He did not directly respond when asked why she did not quit the board over the conpany's anti-union efforts. "Wal-Mart was Arkansas's largest employer when Sam Walton asked Sen. Clinton to join the board," he said. "As the first woman to join Wal-Mart's board, she worked hard to make it a better corporate citizen."
In its statement, Wal-Mart described Sen. Clinton as "a valuable contributor" who "pushed us to be a better company."
WI, Wisconsin, Hillary Clinton fights, Barack Obama, workers, unions, American jobs, overseas, foreclosures, NAFTA, trade agreements, corporate lawyer
Hillary Clinton wants to pick a fight with Barack Obama...or at least pick a debate. Or two. Here's her appeal to the voters of Wisconsin. Cheesus Barack, don't be a brat!
The Path to The Nomination
By Mark Penn, Chief Strategist Hillary Clinton
Date: Wednesday, February 13, 2008
This election will come down to delegates. Votes are still being counted and delegates apportioned, but Hillary Clinton and Barack Obama are separated by approximately 40 delegates right now – that is, barely 1% of all the delegates to the Democratic convention.
Change Begins March 4th. Hillary leads in the three largest, delegate rich states remaining: Texas, Ohio and Pennsylvania. These three states have 492 delegates – 64 percent of the remaining delegates Hillary Clinton needs to win the nomination. According to the latest polls, Hillary leads in Texas (IVR Jan 30-31), Pennsylvania (Franklin & Marshall Jan 8-14) and Ohio (Columbus Dispatch Jan 23-31). After March 4th, over 3000 delegates will be committed, and we project that Hillary Clinton and Barack Obama will be virtually tied with 611 delegates still to be chosen in Pennsylvania and other remaining states. This does not even include Florida and Michigan (where Hillary won 178 delegates), whose votes we believe should be counted.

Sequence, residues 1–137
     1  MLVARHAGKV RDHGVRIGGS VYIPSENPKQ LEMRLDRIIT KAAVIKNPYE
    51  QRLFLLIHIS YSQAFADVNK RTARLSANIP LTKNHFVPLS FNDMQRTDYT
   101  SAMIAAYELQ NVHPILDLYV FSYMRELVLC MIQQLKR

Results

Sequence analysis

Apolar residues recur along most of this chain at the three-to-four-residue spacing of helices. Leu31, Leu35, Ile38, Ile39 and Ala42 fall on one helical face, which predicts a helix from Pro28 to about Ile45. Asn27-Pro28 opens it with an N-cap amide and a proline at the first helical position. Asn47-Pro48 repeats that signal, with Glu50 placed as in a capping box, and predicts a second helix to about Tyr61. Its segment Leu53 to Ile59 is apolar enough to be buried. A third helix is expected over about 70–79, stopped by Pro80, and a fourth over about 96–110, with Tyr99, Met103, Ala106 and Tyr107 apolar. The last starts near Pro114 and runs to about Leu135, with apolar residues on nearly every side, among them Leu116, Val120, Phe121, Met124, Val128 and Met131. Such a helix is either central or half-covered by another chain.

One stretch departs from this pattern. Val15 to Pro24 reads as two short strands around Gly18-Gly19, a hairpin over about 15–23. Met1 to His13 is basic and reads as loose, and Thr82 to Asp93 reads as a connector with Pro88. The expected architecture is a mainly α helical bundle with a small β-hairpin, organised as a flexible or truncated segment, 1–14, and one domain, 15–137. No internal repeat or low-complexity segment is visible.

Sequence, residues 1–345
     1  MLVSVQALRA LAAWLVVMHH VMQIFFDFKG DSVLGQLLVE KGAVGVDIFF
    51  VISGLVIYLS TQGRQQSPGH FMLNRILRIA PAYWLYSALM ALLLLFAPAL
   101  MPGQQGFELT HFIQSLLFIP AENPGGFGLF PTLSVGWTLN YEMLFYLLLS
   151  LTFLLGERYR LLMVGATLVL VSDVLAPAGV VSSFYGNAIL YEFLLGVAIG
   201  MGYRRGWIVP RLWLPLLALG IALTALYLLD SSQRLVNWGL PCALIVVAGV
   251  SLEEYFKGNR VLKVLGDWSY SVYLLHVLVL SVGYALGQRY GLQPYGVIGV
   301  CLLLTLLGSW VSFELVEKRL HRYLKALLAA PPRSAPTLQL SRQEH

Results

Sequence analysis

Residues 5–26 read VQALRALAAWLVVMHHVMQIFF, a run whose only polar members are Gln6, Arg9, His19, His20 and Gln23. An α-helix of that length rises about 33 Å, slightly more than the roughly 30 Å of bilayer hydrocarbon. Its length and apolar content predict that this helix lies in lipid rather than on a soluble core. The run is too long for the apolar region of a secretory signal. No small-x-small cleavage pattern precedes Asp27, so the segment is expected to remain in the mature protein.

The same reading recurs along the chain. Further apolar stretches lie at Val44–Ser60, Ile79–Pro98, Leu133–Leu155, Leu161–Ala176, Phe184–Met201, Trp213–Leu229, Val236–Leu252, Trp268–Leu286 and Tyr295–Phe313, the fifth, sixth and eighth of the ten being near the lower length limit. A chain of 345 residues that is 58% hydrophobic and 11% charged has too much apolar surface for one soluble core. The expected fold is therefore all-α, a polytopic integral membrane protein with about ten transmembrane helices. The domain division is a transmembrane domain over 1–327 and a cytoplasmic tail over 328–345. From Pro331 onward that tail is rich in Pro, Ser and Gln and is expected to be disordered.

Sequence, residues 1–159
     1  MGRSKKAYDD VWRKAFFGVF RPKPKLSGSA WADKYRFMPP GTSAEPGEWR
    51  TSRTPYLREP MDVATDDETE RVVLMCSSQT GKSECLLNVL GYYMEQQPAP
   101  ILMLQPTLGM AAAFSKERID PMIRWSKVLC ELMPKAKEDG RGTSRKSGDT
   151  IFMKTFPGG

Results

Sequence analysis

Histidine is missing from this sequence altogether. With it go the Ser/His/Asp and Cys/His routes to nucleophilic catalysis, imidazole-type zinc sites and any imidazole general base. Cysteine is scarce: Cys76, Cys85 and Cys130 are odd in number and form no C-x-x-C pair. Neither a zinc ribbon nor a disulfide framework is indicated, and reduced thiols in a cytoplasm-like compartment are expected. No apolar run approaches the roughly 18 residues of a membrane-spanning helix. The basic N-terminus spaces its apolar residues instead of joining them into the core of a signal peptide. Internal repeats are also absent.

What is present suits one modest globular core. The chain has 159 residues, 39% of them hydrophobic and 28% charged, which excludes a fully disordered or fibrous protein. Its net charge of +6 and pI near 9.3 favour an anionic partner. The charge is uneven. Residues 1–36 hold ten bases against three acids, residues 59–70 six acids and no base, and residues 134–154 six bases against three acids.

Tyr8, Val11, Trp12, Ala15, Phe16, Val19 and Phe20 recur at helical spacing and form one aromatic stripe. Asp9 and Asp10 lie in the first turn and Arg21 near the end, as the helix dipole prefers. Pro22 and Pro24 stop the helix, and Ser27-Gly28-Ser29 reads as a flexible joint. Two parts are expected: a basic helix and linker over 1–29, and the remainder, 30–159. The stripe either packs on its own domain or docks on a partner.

The reason Hillary is so strong in Ohio, Texas and Pennsylvania is that her message of delivering solutions resonates strongly with voters in those states. Hillary is the only candidate who can deliver the economic change voters want – the only candidate with a real plan and a record of fighting for health care, housing, job creation and protecting Social Security.